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SPAC rules could reassure D&O insurers, dampen investor enthusiasm for vehicles


Proposed U.S. Securities and Exchange Commission disclosure rules for special purpose acquisition companies may deter some SPAC-related transactions but leave directors and officers liability insurers feeling more comfortable offering coverage for the risks, even as demand for the transactions has significantly slowed.

SPACs, also called blank check companies, are publicly traded shell companies formed to raise capital to acquire private companies, which they usually have two years to do after their initial public offering.

A deSPAC transaction occurs when a private company merges with a SPAC. In the next step, the merged entity operates as a public company.

The transactions are often seen as less costly alternatives to traditional IPOs, though some critics say they can also be used to circumvent regulatory scrutiny.

The growth of SPACs last year was explosive, with 613 formations completed. But there has been a significant slowdown in SPAC and de-SPAC activity this year, in part because of the anticipated regulations but also because of factors including stock market volatility and over issuance.

A major participant, investment banker Goldman Sachs, said in a statement, “We are reducing our involvement in the SPAC business in response to the changed regulatory environment.”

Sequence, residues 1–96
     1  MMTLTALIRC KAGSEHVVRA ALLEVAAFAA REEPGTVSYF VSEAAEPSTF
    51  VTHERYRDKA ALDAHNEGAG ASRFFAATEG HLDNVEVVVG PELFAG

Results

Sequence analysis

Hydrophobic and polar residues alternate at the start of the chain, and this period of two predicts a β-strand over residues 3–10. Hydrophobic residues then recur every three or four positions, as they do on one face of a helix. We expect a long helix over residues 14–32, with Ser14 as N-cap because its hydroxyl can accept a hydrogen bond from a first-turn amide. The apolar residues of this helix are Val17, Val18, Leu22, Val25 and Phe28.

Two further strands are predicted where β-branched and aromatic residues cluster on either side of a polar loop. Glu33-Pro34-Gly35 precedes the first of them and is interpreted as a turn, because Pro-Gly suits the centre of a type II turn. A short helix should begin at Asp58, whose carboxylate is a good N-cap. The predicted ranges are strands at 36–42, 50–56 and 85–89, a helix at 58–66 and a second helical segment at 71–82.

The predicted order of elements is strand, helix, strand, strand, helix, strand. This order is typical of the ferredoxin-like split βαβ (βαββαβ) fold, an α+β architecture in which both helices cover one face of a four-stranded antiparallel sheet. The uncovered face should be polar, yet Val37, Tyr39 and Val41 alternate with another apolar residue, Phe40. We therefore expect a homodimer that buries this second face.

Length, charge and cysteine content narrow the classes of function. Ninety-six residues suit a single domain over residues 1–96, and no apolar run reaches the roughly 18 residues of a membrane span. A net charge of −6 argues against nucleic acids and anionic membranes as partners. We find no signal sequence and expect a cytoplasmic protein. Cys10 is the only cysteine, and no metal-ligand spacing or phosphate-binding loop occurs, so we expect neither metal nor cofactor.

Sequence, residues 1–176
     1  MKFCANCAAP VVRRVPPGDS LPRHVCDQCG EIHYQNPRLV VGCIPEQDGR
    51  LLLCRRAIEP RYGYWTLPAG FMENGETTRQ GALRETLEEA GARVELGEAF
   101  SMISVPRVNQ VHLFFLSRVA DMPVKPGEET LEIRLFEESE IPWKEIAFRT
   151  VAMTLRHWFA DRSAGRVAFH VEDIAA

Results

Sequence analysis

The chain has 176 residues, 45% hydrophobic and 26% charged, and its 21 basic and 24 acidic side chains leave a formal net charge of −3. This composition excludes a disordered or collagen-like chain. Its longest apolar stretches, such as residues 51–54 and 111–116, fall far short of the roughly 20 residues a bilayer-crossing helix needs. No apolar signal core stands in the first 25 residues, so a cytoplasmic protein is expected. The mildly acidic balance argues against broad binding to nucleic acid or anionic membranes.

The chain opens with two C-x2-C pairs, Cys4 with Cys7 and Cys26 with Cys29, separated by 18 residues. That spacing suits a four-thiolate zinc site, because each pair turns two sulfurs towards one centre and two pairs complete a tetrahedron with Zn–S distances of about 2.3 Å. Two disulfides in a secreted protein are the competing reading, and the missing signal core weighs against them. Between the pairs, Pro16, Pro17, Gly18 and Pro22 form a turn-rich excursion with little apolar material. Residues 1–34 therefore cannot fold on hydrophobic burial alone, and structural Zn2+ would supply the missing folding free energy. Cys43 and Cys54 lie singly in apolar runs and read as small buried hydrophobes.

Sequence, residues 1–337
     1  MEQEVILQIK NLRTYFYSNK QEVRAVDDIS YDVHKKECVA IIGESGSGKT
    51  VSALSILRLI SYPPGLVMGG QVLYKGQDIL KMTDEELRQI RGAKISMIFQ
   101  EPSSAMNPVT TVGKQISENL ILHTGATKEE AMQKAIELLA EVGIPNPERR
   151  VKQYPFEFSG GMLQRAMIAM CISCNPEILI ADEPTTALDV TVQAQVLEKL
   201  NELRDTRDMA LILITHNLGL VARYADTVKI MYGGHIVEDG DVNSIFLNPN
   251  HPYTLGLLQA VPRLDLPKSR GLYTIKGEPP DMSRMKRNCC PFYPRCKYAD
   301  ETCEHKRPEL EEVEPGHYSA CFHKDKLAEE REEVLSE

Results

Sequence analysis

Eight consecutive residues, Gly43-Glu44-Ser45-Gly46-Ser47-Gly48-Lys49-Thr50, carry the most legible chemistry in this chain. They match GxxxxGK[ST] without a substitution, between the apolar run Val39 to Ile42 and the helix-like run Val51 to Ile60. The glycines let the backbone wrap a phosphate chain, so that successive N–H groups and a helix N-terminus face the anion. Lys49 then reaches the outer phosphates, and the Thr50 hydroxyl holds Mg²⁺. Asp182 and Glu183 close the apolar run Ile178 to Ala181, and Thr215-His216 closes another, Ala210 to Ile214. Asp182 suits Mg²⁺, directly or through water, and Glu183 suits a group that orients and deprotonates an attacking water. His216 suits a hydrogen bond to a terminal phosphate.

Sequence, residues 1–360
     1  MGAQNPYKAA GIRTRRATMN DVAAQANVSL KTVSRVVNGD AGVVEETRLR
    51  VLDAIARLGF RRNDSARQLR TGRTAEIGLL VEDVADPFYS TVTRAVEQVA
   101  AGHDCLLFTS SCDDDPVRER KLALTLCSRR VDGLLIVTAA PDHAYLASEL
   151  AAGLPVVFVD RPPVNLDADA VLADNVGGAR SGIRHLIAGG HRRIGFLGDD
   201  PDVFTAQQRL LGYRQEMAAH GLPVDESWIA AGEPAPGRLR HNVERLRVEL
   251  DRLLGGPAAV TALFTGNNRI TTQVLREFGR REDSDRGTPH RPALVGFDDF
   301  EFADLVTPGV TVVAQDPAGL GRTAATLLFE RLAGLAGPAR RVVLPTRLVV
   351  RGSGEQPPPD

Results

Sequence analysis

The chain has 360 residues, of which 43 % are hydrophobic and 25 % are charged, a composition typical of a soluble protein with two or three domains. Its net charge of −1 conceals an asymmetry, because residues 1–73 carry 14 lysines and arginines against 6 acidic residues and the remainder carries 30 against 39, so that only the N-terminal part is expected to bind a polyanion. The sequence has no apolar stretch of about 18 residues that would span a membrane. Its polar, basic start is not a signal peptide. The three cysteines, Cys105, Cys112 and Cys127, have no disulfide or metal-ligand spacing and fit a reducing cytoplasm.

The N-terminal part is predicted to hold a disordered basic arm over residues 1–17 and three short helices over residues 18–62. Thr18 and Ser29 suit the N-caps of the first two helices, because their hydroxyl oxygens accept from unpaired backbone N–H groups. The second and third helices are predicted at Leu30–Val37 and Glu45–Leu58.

However, there are still hundreds of SPACs seeking a target company, observers say.

The 372-page SEC proposal published in late March would require additional disclosures and remove SPACs’ liability safe harbor under the Private Securities Litigation Reform Act of 1995 for forward-looking statements, a benefit that has not been available to traditional IPOs.

The proposed rules would require additional disclosures about SPAC sponsors, conflicts of interest, sources of dilution and additional information about business combination transactions between SPACs and private operating companies.

SEC’s proposed SPAC regulations

Major provisions of the U.S. Securities and Exchange Commission’s proposed rules and amendments on special purpose acquisition companies would:

  • Enhance disclosures and provide additional investor protections in SPAC initial public offerings and in de-SPAC transactions.
  • Address the treatment of business combination transactions involving a reporting shell company and amend the financial statement requirements applicable to transactions involving shell companies.
  • Provide additional guidance on the use of projections in SEC filings to address concerns about their reliability.
  • Assist SPACs in assessing when they may be subject to regulation under the Investment Company Act of 1940.

Source: U.S. Securities and Exchange Commission

Most observers say they do not expect the final rules, comments on which were due by the end of May, to differ much from the proposal.

“It’s unlikely to go through exactly as is,” but the SEC “may not be easily swayed” to make major changes, said Larry Fine, New York-based management liability coverage leader for Willis Towers Watson PLC.